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J.M. Coetzee : South Africa and the politics of writing

Author: David Attwell
Publisher: Berkeley : University of California Press ; Cape Town : David Philip, ©1993.
Series: Perspectives on Southern Africa, 48.
Edition/Format:   Book : Document : State or province government publication   Computer File : EnglishView all editions and formats
Database:WorldCat
Summary:
David Attwell defends the literary and political integrity of the South African novelist J.M. Coetzee, arguing that he has absorbed the textual turn of postmodern culture while still addressing his nation's ethical crisis. As a form of "situational metafiction," Coetzee's novels are shown to reconstruct and critique some of the key discourses in the history of colonialism and apartheid from the eighteenth century to  Read more...
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Genre/Form: Electronic books
Criticism, interpretation, etc
History
Additional Physical Format: Online version:
Attwell, David.
J.M. Coetzee.
Berkeley : University of California Press ; Cape Town : David Philip, c1993
(OCoLC)622651394
Named Person: J M Coetzee; J M Coetzee; John Maxwell Coetzee; John M Coetzee; J M Coetzee
Material Type: Document, Government publication, State or province government publication, Internet resource
Document Type: Book, Computer File, Internet Resource
All Authors / Contributors: David Attwell
ISBN: 0520078101 9780520078109 0520078128 9780520078123 0864862474 9780864862471
OCLC Number: 25708420
Description: ix, 147 p. ; 24 cm.
Contents: 1. Contexts: Literary, Historical, Intellectual --
2. "The labyrinth of my history": Dusklands and In the Heart of the Country --
3. Reading the Signs of History: Waiting for the Barbarians --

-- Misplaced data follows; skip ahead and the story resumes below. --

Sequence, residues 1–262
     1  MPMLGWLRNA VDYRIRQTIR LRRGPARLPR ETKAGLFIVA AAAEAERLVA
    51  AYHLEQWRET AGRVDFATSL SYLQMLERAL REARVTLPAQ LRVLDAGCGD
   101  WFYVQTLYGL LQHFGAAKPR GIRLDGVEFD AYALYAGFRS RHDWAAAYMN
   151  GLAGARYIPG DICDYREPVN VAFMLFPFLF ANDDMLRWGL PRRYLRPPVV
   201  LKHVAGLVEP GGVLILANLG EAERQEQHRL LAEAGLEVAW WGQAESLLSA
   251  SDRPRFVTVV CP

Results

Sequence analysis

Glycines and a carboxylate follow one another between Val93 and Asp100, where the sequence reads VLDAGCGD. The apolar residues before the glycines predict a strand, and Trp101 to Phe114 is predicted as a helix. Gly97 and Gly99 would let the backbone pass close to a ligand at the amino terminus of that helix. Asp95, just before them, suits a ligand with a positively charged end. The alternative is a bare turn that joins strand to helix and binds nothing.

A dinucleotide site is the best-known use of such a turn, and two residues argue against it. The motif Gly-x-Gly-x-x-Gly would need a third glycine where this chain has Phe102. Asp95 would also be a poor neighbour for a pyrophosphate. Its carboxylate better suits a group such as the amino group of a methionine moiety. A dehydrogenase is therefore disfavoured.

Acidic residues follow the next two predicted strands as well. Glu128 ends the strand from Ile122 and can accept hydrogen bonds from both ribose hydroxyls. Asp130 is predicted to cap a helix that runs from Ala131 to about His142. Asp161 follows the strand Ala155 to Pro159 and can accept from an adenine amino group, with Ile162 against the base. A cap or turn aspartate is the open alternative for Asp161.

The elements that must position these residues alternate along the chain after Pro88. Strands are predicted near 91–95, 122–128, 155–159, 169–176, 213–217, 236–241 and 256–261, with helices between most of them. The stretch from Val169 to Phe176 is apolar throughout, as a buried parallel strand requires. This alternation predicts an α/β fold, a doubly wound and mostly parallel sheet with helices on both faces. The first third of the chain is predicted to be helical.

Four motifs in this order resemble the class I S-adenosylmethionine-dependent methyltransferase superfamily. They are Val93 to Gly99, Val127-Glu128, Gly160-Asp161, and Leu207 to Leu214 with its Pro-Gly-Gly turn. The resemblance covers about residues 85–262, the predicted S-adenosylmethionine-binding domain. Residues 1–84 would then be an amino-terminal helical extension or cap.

4. Writing in "the cauldron of history": Life and Times of Michael K and Foe --
5. Conclusion: Age of Iron.
Series Title: Perspectives on Southern Africa, 48.
Responsibility: David Attwell.
More information:

Abstract:

David Attwell defends the literary and political integrity of the South African novelist J.M. Coetzee, arguing that he has absorbed the textual turn of postmodern culture while still addressing his nation's ethical crisis. As a form of "situational metafiction," Coetzee's novels are shown to reconstruct and critique some of the key discourses in the history of colonialism and apartheid from the eighteenth century to the present. While self-conscious about fiction-making, Coetzee's work takes seriously the condition of the society in which it is produced. Attwell begins by describing the intellectual and political contexts of Coetzee's fiction. He proceeds with a developmental analysis of the corpus of six novels, drawing on Coetzee's other writings in stylistics, literary criticism, translation, political journalism, and popular culture. Attwell's elegantly written analysis deals both with Coetzee's subversion of the dominant culture around him and with his ability to grasp the complexities of giving voice to the anguish of South Africa.

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